What is the cause of Radioactive Decay

Discussion in 'Physics & Math' started by RajeshTrivedi, Aug 7, 2017.

  1. exchemist Valued Senior Member

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    Yes you are, if you ask if the Law of Inertia is obeyed. That law predicts a particle will continue in a straight line at constant speed, in the absence of a net force on it. It therefore says you can know exactly where it is at any time t and, as the speed is constant, you know its momentum exactly too.

    QM says you cannot know both exactly, so you can't exactly define the evolution of its position with time or its speed.

    As for "wave function" and "wave-particle" are different concepts, yes they are, but the wave function is the mathematical expression that underpins the wave-particle concept. So they are very closely connected. If you graph the wave function for atomic orbitals, you see a series of spherical harmonics. These are resonant standing wave patterns. They represent the allowed stable states of electrons in the atom because these are the only patterns that do not create destructive interference over time and thus vanish.

    These are wave concepts, which describe the behaviour of so-called "particles".
     
    Last edited: Sep 8, 2017
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  3. hansda Valued Senior Member

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    I am not asking about momentum. I dont know why you are bringing momentum into the picture.
     
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  5. exchemist Valued Senior Member

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    Are you asking whether Newton's 1st Law (the "Law of Inertia") is obeyed, or not?
     
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  7. hansda Valued Senior Member

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    See the question in the post #98.
     
  8. exchemist Valued Senior Member

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    No. Don't be a prick and start playing games. This is important to clarify if you want an answer to the question you have asked me.

    Are you asking whether this QM particle of yours obeys Newton's 1st Law?

    Yes or no. It will cost you nothing to answer. I can deal with either response.
     
  9. hansda Valued Senior Member

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    My question is as in the post #98. You answered this in your post #99. In your answer, you started explaining HUP. I did not ask about HUP.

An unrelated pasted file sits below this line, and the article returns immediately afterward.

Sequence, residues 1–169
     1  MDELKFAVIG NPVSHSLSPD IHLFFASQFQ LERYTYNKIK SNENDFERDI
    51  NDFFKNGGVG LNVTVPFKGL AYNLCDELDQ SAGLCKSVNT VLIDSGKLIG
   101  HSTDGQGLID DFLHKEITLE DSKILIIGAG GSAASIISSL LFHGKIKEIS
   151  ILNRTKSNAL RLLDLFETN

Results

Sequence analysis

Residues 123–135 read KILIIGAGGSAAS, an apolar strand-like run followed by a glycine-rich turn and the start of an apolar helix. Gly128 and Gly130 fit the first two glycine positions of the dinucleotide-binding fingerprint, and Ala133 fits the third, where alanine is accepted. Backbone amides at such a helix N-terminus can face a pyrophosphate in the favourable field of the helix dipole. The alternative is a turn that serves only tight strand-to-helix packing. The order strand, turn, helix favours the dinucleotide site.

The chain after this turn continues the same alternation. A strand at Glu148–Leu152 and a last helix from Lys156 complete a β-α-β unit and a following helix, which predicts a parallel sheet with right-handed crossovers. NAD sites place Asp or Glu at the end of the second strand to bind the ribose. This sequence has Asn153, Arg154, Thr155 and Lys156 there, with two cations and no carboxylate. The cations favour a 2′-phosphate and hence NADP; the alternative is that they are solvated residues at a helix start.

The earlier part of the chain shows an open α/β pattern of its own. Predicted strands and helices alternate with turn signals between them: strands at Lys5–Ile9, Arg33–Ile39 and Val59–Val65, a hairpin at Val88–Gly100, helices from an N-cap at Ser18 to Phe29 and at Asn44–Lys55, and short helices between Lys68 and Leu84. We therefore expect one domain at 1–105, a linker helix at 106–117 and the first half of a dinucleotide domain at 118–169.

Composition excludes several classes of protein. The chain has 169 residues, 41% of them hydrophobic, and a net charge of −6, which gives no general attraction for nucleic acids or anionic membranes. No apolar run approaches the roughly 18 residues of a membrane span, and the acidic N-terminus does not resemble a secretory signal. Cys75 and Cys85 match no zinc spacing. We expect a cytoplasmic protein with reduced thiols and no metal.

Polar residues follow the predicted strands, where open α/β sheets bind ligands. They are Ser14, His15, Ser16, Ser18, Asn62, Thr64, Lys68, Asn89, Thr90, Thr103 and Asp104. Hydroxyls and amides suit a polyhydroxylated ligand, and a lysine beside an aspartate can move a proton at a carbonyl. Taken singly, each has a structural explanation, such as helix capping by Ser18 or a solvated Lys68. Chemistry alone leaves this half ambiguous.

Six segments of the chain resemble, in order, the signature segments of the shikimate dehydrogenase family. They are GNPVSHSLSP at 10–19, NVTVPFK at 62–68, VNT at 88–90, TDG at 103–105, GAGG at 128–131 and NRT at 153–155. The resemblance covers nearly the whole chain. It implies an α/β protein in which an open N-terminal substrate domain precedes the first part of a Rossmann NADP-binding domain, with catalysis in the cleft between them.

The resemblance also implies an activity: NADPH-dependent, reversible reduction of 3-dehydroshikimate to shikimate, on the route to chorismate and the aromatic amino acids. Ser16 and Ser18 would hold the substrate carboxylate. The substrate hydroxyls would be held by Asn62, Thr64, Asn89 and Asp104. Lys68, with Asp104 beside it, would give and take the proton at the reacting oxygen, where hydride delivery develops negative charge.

10. exchemist Valued Senior Member

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    My point is that a QM particle cannot be said to follow Newton's 1st Law of motion BECAUSE that law implies that both speed and spatial location can be simultaneously known.

    Do you understand what I am saying?
     
  11. Dr_Toad It's green! Valued Senior Member

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    I have a counter-question: Why doesn't everyone who claims literacy know that?
     
  12. hansda Valued Senior Member

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    Know what?
     
  13. hansda Valued Senior Member

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    If QM particle does not follow Law of Inertia, It must be moving in a random fashion. Correct?
     
  14. exchemist Valued Senior Member

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    No, random would imply completely arbitrary. In the case of the QM particle one can make mathematically precise statements about the probability of finding the "particle" within a certain envelope. That would not be the case it was moving entirely randomly. In fact of course the mathematical statement is the wave function, operated on by the appropriate QM operator. If one treats the QM entity as a wave, then the wave is well-described by the mathematics. It is only when you measure it that it has a probability of appearing as a particle in the envelope of space in question.

    I think the hard thing to get hold of in QM is that the wave is just as "real" as the particle. We are all brought up on Newtonian physics which talks of "particles", so we are used to it. But when you think about it, a "particle" is a pretty artificial concept: a dimensionless theoretical entity with mass and another properties. How ridiculous! So in a sense I could have answered your question by saying, "What QM particle? - it's a wave!"

    (I'm being a bit provocative but hope you will get my point.)
     
  15. iceaura Valued Senior Member

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